The following years, which also comprise the Israeli military intervention in Lebanon in 1982, saw volatile movements in the exchange rate with periods of appreciation and depreciation, accompanied, however, by a generally declining tendency of the degree of dollarization. 16/ This trend reversed drastically in 1985/86 after the withdrawal of Israeli troops and the subsequent escalation of the factional war that also included random kidnappings of Westerners. This period was also marked by the presence of a weak government that contributed to the erosion of the public’s confidence in a more stable economic and political future. This government also preempted increasingly large parts of the country’s savings to finance its escalating fiscal deficits. As a consequence, a massive dollarization occurred, and capital outflows, in the absence of capital controls, jumped dramatically. Within only two years, the dollarization ratio skyrocketed from around 35 percent to 93 percent (Definition 1) and from 61 percent to 98 percent (Definition 2), respectively, accompanied by a large depreciation of the exchange rate. During that time, households also doubled their holdings of LL cash.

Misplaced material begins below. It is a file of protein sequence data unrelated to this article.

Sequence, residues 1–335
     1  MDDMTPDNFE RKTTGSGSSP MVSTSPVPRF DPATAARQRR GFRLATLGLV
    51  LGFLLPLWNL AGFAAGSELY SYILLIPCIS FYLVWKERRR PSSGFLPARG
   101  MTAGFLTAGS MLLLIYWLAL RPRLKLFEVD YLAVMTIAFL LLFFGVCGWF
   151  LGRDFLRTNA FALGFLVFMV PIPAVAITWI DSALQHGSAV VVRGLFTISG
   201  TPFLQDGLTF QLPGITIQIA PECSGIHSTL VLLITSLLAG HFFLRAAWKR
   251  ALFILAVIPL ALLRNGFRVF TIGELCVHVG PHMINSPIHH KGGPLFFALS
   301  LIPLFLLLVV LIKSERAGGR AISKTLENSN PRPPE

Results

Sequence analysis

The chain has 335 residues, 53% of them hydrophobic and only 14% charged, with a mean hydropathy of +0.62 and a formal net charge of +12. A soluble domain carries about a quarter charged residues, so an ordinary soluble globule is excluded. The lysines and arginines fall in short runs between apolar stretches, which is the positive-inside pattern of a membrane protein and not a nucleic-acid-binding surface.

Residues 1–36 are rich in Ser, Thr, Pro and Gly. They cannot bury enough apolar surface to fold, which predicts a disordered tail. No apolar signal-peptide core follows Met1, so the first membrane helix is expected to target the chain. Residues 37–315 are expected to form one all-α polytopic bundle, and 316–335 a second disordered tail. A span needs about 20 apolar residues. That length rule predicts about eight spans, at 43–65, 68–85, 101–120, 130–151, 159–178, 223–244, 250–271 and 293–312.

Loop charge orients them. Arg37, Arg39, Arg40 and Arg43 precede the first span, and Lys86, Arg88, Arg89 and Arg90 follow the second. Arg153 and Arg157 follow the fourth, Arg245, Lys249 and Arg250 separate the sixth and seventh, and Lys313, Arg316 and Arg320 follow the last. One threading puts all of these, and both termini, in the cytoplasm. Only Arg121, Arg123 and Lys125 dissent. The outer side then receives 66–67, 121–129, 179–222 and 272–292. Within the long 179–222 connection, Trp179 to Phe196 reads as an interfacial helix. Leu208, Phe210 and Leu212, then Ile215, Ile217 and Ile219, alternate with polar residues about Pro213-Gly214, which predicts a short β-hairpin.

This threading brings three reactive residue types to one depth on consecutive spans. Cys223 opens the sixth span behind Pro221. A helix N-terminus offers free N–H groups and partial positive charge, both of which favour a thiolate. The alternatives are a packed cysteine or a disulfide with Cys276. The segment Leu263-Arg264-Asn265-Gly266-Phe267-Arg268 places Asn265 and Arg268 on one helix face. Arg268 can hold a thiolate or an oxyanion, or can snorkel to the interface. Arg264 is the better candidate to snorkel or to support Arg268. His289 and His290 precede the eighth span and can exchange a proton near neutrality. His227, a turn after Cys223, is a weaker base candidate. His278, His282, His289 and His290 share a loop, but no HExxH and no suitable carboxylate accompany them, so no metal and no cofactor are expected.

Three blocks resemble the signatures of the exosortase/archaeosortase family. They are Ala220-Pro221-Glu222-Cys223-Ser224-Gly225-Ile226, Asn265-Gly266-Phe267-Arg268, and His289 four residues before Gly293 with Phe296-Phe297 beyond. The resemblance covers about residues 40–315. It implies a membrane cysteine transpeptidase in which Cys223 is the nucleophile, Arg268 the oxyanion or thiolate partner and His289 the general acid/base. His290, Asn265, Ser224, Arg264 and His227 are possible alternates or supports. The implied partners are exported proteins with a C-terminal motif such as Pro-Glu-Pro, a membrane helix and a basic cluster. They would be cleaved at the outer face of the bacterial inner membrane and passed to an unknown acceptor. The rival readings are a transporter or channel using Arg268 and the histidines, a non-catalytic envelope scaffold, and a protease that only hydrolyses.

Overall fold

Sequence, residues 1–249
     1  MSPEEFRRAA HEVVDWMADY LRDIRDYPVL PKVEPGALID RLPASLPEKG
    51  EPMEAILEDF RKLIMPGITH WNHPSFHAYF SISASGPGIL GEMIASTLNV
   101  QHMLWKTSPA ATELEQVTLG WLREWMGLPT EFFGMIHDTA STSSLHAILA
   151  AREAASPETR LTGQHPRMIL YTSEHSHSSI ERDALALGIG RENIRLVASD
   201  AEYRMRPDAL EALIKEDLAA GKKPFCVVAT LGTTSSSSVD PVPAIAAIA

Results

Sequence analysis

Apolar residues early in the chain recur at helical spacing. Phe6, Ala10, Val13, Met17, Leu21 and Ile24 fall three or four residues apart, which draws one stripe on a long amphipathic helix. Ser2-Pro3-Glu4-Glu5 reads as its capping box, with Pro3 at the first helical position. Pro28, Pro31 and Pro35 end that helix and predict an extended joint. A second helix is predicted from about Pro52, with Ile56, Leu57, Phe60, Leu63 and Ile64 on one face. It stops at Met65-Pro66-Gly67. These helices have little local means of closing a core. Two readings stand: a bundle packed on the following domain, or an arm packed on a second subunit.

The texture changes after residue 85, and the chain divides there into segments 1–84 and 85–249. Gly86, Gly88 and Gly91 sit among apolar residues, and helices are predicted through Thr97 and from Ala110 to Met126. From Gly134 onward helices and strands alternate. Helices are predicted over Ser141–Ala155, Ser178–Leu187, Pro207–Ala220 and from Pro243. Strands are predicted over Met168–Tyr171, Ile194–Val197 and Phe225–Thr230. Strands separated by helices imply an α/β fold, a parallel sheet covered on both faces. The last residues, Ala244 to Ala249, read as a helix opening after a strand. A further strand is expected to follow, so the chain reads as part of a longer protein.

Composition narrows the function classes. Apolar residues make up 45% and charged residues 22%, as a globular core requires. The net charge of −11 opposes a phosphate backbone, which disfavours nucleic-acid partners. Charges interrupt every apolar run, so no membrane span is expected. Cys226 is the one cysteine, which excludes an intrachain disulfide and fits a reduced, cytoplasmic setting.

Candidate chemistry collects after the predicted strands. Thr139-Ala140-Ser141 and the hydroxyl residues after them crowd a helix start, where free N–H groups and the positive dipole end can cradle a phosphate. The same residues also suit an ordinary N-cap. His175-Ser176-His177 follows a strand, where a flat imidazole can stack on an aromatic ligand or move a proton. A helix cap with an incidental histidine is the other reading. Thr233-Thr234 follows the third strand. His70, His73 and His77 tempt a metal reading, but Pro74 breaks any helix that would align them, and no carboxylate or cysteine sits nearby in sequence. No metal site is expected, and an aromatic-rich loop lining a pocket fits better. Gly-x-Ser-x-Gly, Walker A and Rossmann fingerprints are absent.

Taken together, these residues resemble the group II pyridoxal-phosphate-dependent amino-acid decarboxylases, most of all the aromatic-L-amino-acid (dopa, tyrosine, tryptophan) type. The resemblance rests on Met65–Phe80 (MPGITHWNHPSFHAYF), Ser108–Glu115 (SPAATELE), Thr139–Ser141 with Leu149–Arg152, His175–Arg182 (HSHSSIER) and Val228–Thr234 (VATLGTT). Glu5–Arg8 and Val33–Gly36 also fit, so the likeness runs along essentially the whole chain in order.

During the last six years of the observation period, periods of exchange rate appreciation and depreciation have alternated frequently. Overall, the degree of dollarization has shown a slightly declining trend since end-1987, although in periods of severe crisis, a temporary run into foreign currency deposits reoccurred, particularly in the third quarter of 1992 when the CS-ratio almost reached its previous end-1987 peak. Efforts to establish a permanent peace culminated in the signing of the Taif Peace Accord in October 1989, but sporadic factional fighting, political assassinations, border conflicts with Israel, and difficulties to establish a strong and credible government continued until 1992.